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WN@TL: The Evolution of Storm Chasing
June 26, 2019 @ 7:00 pm - 8:15 pm
Speaker: Derrick Herndon, Cooperative Institute for Meteorological Satellite Studies (CIMSS)
Speaker Bio: Derrick Herndon is an Associate Researcher for the Cooperative Institute for Meteorological Satellite Studies (CIMSS) at the University of Wisconsin, where he studies tropical cyclones and satellite remote sensing of storms. Prior to UW he served as a forecaster and aviation warfare specialist for the US Navy for 8 years. Derrick received his B.S in Meteorology from Florida State University in 2000. From there he accepted a position working for a private company at Stennis Space Center, MS developing high resolution computer models for forecasting winds over the Gulf of Mexico. His current work involves developing algorithms to estimate the intensity and structure of hurricanes from satellite data that are used by research and forecasting agencies worldwide. He has authored or co-authored several papers on tropical cyclones and has contributed to three books on hurricanes and climate. He has participated in five field campaigns studying tropical cyclones and is a co-recipient of the NASA Group Achievement Award and American Meteorological Society Special Award. Derrick is also an avid storm chaser having witnessed more than 30 tornadoes, giant hail, 9 hurricanes (including Category 5 Hurricane Michael in 2018) and 1 typhoon (aboard the USS Bunker Hill).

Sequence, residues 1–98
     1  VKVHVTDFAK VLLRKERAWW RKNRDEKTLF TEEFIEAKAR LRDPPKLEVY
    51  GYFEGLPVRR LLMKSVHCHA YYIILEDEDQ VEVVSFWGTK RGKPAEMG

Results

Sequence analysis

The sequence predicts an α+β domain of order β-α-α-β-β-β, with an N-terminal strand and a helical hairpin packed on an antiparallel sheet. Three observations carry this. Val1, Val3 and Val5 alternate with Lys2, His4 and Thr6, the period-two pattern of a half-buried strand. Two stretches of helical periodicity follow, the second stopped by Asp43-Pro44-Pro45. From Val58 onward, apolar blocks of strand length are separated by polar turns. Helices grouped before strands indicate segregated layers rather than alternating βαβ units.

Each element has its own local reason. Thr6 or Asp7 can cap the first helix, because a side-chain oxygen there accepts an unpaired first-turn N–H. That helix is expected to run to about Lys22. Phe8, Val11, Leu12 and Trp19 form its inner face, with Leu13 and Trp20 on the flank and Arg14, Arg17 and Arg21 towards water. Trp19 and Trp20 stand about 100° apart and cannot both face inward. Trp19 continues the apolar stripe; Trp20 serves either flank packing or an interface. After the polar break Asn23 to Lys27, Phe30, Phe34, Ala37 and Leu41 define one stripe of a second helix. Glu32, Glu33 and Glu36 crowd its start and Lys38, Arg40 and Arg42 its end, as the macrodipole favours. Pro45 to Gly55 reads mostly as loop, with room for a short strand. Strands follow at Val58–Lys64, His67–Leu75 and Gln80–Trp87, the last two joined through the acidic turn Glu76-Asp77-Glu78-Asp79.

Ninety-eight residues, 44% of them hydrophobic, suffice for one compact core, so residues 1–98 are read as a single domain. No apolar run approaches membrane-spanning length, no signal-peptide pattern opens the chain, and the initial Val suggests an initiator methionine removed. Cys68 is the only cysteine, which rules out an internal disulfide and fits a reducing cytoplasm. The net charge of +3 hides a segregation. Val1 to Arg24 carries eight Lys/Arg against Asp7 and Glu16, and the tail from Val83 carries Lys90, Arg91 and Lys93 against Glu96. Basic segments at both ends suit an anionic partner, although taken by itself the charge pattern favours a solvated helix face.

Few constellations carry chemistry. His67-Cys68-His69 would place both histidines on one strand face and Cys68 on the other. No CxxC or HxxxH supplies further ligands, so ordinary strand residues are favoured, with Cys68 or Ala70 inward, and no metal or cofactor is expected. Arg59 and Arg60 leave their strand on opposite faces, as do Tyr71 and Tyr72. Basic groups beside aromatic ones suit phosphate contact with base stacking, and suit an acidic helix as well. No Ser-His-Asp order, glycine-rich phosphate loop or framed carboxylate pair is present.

Description: We will never know who the first storm chaser was, but since the dawn of time humans have been both fascinated and terrified by storms. Our curiosity has caused us to at times take extreme risk in order to get a closer look at tornadoes and violent weather. This talk will discuss how modern storm chasing evolved from simple paper maps and ones own eyes to the current suite of high tech gadgets, tanks and chasing teams that now roam the Great Plains each spring.